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In 2017, Women Marched In Solidarity; 2019 Finds A Fractured Movement


Down now to downtown Washington, D.C., where thousands of women have gathered for the third annual Women's March. It's a protest movement that began in 2017 - still symbolizes many of the same ideas - women's rights, including reproductive rights, LGBTQ rights and more. But those messages may have been somewhat diluted by controversy about the leadership. NPR's Danielle Kurtzleben is at the march, where speakers have taken the stage. Danielle, thanks for being with us.

DANIELLE KURTZLEBEN, BYLINE: Of course. Thank you, Scott.

SIMON: What's going on all around you? Can you tell us?

KURTZLEBEN: Right. So I don't know if you can hear behind me here, but, yeah, the speakers have taken the stage. Right now is the rally portion of the day. There's already been sort of a gathering this - in the middle of the morning. And after that was the march. The march went past Trump International Hotel because the march this year is not on the mall. It is in Freedom Plaza, which is situated just between the Trump Hotel and the White House. So it's kind of a fitting setting for this. And I will add - you said thousands of people. I wish I could tell you how many are here. But it is pretty packed. I mean, it's enough that cell service is hard to get. It's enough that a lot of people can't see the stage, can't get close enough. But then again, for a lot of marchers, this is about unity. It's about hanging out together. It's about energy. It's not necessarily about even being able to hear everything.

SIMON: Well, let me ask about the controversy because there have been...


SIMON: ...There have been accusations that certain members of the leadership are part of anti-Semitic movements, including support for a Nation of Islam minister, Louis Farrakhan. What can you tell us about that?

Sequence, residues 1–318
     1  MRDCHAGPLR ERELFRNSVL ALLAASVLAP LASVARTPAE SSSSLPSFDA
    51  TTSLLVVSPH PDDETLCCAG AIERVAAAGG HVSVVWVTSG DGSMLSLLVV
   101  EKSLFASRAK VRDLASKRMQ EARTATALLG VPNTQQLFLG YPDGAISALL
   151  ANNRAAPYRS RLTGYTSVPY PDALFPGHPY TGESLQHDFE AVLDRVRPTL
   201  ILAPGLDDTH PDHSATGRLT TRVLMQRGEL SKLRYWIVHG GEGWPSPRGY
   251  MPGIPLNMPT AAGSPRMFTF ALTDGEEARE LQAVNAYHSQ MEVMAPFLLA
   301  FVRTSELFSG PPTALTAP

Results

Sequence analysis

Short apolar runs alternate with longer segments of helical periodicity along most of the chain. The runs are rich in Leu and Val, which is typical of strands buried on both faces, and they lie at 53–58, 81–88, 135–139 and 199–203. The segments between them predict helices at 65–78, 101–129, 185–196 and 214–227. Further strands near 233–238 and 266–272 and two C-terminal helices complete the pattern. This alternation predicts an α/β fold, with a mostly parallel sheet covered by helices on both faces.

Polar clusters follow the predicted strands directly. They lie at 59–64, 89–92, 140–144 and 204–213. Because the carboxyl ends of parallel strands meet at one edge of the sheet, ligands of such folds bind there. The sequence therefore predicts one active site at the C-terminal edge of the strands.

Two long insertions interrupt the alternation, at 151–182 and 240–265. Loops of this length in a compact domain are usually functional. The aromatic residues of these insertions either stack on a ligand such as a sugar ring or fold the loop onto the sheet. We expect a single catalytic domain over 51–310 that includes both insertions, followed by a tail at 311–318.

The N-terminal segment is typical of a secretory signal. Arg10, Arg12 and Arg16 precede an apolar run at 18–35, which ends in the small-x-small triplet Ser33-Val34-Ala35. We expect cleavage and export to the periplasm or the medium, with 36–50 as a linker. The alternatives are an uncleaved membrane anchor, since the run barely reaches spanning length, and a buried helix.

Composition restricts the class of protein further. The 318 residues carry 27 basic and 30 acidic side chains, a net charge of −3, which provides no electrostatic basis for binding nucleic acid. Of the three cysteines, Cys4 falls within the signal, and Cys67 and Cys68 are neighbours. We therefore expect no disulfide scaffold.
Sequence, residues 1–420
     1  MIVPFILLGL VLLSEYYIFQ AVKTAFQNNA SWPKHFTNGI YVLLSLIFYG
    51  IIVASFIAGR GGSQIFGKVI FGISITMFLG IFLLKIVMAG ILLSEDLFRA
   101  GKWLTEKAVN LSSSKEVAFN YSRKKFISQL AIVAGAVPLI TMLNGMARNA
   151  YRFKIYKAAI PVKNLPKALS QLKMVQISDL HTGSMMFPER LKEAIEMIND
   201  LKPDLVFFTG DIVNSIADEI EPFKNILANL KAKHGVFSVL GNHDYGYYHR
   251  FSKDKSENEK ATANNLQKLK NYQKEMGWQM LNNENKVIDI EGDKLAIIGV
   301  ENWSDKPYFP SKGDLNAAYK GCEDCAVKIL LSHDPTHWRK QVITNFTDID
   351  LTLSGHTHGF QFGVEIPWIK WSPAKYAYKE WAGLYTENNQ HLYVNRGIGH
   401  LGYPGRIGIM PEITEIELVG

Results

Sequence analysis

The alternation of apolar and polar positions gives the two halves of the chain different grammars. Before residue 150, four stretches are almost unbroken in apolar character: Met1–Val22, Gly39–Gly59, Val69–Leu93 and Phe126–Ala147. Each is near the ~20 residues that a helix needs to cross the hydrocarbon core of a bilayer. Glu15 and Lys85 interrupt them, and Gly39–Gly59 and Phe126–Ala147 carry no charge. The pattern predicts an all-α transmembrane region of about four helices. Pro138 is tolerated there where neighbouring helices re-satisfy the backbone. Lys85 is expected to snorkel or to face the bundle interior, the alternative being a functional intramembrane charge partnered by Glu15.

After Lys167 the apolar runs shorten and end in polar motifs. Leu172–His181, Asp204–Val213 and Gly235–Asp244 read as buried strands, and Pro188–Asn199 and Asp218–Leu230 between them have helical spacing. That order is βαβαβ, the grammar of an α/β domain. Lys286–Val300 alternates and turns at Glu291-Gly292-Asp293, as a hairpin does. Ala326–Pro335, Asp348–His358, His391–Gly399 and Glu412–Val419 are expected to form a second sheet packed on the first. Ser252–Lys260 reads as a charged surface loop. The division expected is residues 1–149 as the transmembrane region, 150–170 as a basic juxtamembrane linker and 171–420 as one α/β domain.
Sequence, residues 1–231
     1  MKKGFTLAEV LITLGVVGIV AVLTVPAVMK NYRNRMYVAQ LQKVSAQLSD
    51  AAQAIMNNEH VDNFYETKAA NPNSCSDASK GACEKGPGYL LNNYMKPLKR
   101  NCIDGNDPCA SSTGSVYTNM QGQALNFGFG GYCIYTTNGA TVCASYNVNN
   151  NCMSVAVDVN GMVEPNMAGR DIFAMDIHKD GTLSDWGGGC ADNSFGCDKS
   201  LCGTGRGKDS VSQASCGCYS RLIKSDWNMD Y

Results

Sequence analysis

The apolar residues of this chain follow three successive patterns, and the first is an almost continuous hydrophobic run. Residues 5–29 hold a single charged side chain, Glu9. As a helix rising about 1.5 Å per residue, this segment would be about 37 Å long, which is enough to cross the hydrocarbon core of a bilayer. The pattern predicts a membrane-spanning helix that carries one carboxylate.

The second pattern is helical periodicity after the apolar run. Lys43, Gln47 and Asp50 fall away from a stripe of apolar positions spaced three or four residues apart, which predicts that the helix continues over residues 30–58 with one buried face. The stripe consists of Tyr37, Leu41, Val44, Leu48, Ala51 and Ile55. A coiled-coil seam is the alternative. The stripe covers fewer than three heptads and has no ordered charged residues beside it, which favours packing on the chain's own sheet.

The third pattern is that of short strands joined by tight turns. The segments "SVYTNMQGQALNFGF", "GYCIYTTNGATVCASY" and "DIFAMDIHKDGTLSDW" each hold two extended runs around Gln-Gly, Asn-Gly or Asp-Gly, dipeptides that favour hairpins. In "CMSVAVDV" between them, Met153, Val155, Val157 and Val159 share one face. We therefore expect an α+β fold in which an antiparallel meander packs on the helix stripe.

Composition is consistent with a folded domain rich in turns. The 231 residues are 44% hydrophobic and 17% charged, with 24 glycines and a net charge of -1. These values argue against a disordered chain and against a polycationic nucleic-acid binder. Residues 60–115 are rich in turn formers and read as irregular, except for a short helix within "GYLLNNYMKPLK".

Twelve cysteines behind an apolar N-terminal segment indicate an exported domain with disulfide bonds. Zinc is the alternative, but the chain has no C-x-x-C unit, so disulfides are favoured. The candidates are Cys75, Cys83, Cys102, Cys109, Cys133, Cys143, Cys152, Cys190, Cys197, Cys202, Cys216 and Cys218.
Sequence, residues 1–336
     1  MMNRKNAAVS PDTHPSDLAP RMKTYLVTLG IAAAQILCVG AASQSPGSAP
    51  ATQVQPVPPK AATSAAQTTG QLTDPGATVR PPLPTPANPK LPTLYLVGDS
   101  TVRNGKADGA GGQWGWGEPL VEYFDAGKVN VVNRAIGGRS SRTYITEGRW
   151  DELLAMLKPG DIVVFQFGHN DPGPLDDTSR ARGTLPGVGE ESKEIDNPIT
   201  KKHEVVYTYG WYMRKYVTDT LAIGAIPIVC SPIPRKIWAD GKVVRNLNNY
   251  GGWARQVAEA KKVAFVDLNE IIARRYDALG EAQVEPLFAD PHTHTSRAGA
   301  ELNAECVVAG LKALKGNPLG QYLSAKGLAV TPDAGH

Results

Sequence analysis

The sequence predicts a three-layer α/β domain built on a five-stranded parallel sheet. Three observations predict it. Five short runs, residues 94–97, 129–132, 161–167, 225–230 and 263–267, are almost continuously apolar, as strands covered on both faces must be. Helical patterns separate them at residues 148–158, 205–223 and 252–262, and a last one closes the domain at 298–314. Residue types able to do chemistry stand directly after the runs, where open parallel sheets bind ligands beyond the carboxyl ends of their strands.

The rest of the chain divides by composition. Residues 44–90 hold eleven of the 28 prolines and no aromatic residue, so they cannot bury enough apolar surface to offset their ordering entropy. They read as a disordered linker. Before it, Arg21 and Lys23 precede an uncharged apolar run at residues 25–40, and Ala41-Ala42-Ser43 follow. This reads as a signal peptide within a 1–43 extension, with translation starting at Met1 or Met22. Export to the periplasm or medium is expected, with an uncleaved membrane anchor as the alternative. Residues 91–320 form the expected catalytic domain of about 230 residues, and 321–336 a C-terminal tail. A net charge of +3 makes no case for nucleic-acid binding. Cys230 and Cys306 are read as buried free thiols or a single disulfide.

KURTZLEBEN: Exactly, yeah. So this really hit - became a high-profile issue lately with one of those four women in charge of the Women's March. Her name is Tamika Mallory. She's sort of borne the brunt of the criticism because she has praised Louis Farrakhan in the past. And Louis Farrakhan and the Nation of Islam, of course, have used anti-Semitic rhetoric. It's considered a hate group by the Southern Poverty Law Center. And so that has upset some Women's March supporters and has kept some people home from the march. Now, it really does seem to be looming over the proceedings here and - including getting into some of the speeches. We have a clip here from Reverend Jacqueline Lewis. She's a minister at Middle Collegiate Church in New York City. She didn't directly reference the controversy in her speech. But she seemed to be getting at it. Here she is.

JACQUELINE LEWIS: Our common enemy is white supremacy.


LEWIS: Our common enemy is transphobia.


LEWIS: Our common enemy is sexism.


LEWIS: And our common enemy is greed.


LEWIS: Movements are messy. But we're going to have to move together.

KURTZLEBEN: And that's really - I've talked to a lot of people here. And that's sort of the sentiment among the people who have heard of this controversy. They really seem to echo Lewis - that this is a diverse group of women and that they really want to stick together and have unity.

SIMON: We should note, unlike past years, I don't see a lot of big-name political people - not the head of the Democratic Party, not any of the Democrats who are running for president, senators.

KURTZLEBEN: Right, yeah. At least here at the D.C. march, the political presence is light. The only politician that I saw on the speakers list was representative Lucy McBath. She's from Georgia. And yeah, the DNC disappeared from the list of supporters on the Women's March's website recently. That said, some politicians are in other cities. Kirsten Gillibrand, for example, is in Des Moines today. And Iowa is a great state to be if you're running for president.

SIMON: Yes. I believe they have a caucus or something there, right, Danielle?

KURTZLEBEN: I've heard of that. Yeah.

SIMON: Yeah.

KURTZLEBEN: I'll get back to you.

SIMON: All right. Thanks very much. Danielle Kurtzleben with the Women's March. Thanks very much.

KURTZLEBEN: Thanks, Scott. Transcript provided by NPR, Copyright NPR.

Danielle Kurtzleben is a political correspondent assigned to NPR's Washington Desk. She appears on NPR shows, writes for the web, and is a regular on The NPR Politics Podcast. She is covering the 2020 presidential election, with particular focuses on on economic policy and gender politics.